‘Storm of the Century’ slammed Sunshine State 28 years ago

Courtesy: National Weather Service

A superstorm that produced wind gusts over 90 mph, tornadoes, and a devastatingly deadly storm surge struck Florida and the eastern United States late on March 12 and early in the morning on March 13, 1993, according to the National Weather Service.

Many Florida residents called it the ‘No Name Storm,’ because they say it was an unnamed March hurricane though which was much larger than a hurricane. Up north, it was called the ‘Blizzard of the Century,’ because it dropped temperatures, dumped snow, broke trees, and knocked out power over a wide swath from Alabama and Georgia to Maine.

According to the National Weather Service, the storm caused $2 billion in property damage across portions of 22 eastern U.S. states with most of the damage in Florida. 

According to the National Weather Service, five days before the storm made landfall, computer models were forecasting a rapid development of intense low pressure over the Gulf of Mexico.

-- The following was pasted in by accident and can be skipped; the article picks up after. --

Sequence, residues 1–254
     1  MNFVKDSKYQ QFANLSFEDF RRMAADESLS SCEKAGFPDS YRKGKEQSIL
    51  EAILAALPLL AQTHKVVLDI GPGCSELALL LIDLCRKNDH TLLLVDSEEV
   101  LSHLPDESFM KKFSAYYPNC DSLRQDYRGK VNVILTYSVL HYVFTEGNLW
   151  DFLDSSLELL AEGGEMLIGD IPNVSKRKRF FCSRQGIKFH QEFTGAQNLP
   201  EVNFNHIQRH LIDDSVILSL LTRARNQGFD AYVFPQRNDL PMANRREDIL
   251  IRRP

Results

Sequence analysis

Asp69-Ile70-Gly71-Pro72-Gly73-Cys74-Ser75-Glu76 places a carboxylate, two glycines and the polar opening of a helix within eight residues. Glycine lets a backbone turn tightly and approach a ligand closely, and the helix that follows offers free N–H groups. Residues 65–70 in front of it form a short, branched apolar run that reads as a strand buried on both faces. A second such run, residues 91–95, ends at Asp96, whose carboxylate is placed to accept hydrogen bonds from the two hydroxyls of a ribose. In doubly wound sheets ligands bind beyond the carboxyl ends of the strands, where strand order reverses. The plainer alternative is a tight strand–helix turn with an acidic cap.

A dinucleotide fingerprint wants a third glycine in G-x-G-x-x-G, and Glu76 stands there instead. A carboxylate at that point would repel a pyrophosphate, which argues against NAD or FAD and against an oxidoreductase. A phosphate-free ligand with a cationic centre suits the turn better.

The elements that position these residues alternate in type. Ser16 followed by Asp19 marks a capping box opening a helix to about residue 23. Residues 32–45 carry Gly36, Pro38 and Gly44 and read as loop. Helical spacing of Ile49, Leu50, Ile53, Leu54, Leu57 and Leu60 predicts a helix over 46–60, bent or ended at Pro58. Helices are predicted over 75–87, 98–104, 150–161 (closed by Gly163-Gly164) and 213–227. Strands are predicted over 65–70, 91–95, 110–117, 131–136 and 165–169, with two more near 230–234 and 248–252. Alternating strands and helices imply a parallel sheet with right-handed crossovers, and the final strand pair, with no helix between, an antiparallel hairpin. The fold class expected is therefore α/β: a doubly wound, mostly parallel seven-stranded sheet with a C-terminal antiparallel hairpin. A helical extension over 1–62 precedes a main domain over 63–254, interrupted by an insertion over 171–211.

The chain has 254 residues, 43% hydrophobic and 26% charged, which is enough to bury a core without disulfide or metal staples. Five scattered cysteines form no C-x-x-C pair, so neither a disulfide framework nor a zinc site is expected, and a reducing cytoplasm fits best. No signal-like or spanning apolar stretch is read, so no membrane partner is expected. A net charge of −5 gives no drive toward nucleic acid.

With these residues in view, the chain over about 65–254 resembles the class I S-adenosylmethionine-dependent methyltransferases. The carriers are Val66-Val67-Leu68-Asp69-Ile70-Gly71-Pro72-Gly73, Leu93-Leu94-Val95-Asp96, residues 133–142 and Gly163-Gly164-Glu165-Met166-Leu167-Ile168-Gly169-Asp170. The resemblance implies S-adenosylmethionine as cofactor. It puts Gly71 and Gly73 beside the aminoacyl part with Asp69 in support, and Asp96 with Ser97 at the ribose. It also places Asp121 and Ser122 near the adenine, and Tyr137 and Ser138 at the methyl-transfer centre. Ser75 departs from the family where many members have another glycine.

Courtesy: National Weather Service

As the week went on, the numerical forecast models continued showing the same unbelievable development. Upstream, the arctic, polar and subtropical jet streams were merging and a deep flow of tropical moisture over the Gulf of Mexico was coming north from the Caribbean Sea. These merging factors set the timer for the impending explosion. Some forecasters referred to it as a "meteorological bomb."

The storm’s strongest winds were recorded at:

  • 110 mph Franklin County, FL
  • 109 mph Dry Tortugas, FL
  • 101 mph Flattop Mountain, NC
  • 144 mph Mount Washington, NH

According to the National Weather Service, the fast-moving squall line produced 59,000 cloud-to-ground lightning strikes and at least 11 tornadoes in Florida. Three people died as a result of the F2 tornado near Chiefland in Levy County and several others were killed in tornadoes in Alachua and Lake Counties. 


Courtesy: National Weather Service

The National Weather Service says 13 people drowned in an unprecedented 12-foot storm surge in Taylor County, Florida. 

According to the National Weather Service, advanced warnings saved lives with less than 100 direct casualties – half of whom were on vessels in seas estimated as high as 65 feet. Another 118 people perished from indirect causes with many dying during the post-storm cleanup.

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